Galvanic corrosion can be halted when the flow of electrical current from the cathode (CRA) to the anode (carbon steel) is eliminated. A common method of eliminating the current flow has been the use of a non-metallic section of pipe, such as fiberglass, between the carbon steel and the CRA. U.S. Pat. Nos. 2,950,928; 3,185,501 and 3,346,274 all show electrically insulating joints for connecting pipes, casing and tubing in a well pipe string. All of these connecting joints utilize at least one resilient insulating member to prevent physical contact between the pipes. This construction renders it impractical to use such a system in the high temperature or corrosive environment of many injection wells or oil or gas wells due to the rapid deterioration of the resilient element. Also, the inferior pullout strength of these joints would prohibit their use in most well strings or similar piping arrangements. Other insulating pipe couplings are shown, for example, in U.S. Pat. No. 3,871,687. However, none of the above couplings are designed for use in high temperature or corrosive well environments. Thus, the use of a non-metallic section of pipe to halt galvanic corrosion has certain inherent drawbacks including the inability to maintain a seal in the connection between the non-metallic and metallic casing and the lack of durability while drilling out or running tools through the non-metallic pipe.
Another method which has been attempted for controlling galvanic corrosion is to apply a protective coating to the less noble or carbon steel pipe. This method is potentially worse than applying no coating to either section of pipe. There is a high probability that, either due to defect during the coating application or damage during installation, maintenance or operation of the well, a small area will become uncoated. The entire galvanic current projected from the CRA cathode to the carbon steel anode is then concentrated on the small, uncoated area accelerating corrosion at that location.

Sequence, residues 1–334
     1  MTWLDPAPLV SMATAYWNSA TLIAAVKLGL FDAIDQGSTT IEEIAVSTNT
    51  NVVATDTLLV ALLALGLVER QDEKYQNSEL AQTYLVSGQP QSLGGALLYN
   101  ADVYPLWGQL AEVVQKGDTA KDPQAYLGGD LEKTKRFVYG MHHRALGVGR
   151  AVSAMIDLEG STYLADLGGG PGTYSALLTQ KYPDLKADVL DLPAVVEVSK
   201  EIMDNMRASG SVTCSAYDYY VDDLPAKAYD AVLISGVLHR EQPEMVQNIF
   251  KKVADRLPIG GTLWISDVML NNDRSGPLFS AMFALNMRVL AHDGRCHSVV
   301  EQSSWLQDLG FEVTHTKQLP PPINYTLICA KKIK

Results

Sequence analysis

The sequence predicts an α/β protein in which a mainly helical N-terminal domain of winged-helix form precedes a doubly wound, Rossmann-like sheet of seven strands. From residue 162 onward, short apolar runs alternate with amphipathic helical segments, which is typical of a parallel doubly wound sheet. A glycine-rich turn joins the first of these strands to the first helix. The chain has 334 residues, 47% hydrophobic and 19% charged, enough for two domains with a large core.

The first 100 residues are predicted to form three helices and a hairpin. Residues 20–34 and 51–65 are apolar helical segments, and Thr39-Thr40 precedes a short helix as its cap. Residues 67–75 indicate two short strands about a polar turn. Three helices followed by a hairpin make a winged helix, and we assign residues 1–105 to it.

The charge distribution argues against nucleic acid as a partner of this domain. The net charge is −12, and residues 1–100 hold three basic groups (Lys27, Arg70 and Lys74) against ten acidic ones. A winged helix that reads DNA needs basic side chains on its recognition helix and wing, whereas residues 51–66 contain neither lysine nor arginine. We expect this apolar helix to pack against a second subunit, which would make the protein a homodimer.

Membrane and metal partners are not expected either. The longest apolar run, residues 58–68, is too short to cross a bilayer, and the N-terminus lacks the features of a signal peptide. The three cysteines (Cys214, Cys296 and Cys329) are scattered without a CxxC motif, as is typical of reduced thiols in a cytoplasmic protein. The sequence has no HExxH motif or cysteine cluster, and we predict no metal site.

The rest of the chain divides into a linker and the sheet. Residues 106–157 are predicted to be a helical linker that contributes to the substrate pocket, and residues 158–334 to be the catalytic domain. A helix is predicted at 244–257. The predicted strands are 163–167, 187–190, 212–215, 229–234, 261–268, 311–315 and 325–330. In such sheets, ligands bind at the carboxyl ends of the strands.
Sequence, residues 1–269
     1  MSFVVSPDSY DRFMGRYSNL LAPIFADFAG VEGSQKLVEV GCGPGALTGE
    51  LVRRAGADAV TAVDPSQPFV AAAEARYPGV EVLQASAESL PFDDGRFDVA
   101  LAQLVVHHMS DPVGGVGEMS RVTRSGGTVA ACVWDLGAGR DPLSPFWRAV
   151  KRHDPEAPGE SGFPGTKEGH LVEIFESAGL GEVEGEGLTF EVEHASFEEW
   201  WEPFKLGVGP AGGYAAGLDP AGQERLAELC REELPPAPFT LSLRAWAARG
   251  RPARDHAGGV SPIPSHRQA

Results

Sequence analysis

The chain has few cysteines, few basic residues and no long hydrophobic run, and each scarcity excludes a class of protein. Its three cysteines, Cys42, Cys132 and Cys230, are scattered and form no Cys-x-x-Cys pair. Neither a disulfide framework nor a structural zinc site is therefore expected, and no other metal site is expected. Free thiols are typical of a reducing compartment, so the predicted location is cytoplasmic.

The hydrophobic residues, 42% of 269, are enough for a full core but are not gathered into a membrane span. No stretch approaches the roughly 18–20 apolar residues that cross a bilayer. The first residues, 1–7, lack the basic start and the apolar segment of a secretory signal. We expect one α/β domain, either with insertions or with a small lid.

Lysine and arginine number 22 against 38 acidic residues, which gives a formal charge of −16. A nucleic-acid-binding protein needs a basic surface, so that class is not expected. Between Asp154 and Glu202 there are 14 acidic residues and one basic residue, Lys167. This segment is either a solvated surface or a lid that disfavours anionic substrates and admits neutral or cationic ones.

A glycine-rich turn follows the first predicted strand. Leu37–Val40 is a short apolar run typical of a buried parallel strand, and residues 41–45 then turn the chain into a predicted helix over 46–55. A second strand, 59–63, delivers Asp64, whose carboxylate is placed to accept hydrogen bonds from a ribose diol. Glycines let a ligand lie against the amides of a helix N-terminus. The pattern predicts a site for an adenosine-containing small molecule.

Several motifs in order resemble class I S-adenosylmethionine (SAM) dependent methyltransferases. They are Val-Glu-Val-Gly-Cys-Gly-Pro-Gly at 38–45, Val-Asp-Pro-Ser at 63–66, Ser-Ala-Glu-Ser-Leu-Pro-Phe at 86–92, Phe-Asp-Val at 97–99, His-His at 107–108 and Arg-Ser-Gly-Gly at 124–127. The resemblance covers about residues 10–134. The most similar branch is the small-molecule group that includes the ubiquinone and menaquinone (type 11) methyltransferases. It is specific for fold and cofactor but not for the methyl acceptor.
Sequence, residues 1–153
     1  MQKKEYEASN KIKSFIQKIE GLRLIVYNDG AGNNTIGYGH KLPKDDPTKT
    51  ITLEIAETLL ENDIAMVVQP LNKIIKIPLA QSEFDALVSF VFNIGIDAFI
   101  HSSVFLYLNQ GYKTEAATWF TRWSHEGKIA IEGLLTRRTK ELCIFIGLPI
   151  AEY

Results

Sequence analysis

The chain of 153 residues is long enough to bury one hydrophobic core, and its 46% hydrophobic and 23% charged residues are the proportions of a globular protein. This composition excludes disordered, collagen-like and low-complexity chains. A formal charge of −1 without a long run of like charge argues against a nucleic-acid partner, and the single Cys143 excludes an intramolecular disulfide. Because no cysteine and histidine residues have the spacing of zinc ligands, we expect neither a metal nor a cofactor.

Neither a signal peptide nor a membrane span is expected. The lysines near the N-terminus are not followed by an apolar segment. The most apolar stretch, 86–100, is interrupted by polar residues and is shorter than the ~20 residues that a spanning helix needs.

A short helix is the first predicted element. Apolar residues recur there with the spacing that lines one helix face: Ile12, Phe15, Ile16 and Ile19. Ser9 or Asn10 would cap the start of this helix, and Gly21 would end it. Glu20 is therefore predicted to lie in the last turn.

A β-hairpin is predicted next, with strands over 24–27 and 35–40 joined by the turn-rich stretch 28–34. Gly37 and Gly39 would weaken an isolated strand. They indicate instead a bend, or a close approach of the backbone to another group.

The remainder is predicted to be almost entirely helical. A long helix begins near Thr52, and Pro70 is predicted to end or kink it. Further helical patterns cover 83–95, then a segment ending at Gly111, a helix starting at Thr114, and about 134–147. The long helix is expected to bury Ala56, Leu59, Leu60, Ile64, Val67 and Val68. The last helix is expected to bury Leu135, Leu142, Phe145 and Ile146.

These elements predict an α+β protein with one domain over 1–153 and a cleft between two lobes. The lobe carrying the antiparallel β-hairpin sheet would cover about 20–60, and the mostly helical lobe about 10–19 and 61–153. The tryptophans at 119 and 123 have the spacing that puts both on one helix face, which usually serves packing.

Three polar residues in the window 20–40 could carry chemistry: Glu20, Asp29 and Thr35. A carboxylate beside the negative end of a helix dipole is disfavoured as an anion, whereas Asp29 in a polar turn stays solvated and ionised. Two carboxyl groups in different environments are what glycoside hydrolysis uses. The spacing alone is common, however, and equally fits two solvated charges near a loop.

While the entire well pipe string can be formed of a CRA material such as stainless steel or other corrosion resistant material, this solution is generally uneconomical due to the much higher cost of such materials. Obviously, the more viable solution is to use the CRA material, such as stainless steel, only through the most corrosive area of the well operation and to join it to a string of carbon steel pipe which is used to make up the remainder of the pipe string. However, as discussed above, the corrosive fluids present in many well environments offer the ideal conditions for galvanic corrosion between the dissimilar metals. The result is a faster corrosive attack of the carbon steel piping and a slower attack of the stainless steel as compared with the same materials when they are not in contact.